The aim of this study was to determine the effects of pole length on energy cost and kinematics in cross country double poling. Seven sub-elite male athletes were tested using pole sets of different lengths (ranging between 77% and 98% of participants’ body height). Tests were conducted on a treadmill, set to a 2% incline and an approximate racing speed. Poling forces, contact times, and oxygen uptake were measured throughout the testing. Pole length was positively correlated with ground contact time (r = .57, p < .001) and negatively correlated with poling frequency (r = −.48, p = .003). Pole length was also positively correlated with pole recovery time and propulsive impulse produced per poling cycle (r = .36, p = .031; r = .35, p = .042, respectively). Oxygen uptake and pole length were negatively correlated (r = −.51, p = .004). This acute study shows that increasing pole length for double poling in sub-elite cross country skiers under the given conditions seems to change the poling mechanics in distinct ways, resulting in a more efficient poling action by decreasing an athlete’s metabolic cost.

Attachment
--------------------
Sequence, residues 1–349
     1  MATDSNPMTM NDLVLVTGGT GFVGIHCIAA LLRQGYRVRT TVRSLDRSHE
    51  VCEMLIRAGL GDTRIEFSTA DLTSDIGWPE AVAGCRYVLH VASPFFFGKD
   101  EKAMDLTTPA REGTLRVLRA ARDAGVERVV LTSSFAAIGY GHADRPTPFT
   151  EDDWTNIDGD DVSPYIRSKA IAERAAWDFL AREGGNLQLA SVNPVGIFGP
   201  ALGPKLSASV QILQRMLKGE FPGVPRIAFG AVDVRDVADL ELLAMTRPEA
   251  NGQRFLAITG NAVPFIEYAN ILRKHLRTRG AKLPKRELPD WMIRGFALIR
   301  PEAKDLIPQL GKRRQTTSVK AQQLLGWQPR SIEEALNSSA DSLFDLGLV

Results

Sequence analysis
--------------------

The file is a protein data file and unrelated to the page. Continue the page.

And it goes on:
Onasch is with the Institut für Sportwissenschaft, JLU Gießen, Hessen, Germany. Killick and Herzog are with the Human Performance Laboratory, Faculty of Kinesiology, University of Calgary, Calgary, AB, Canada.
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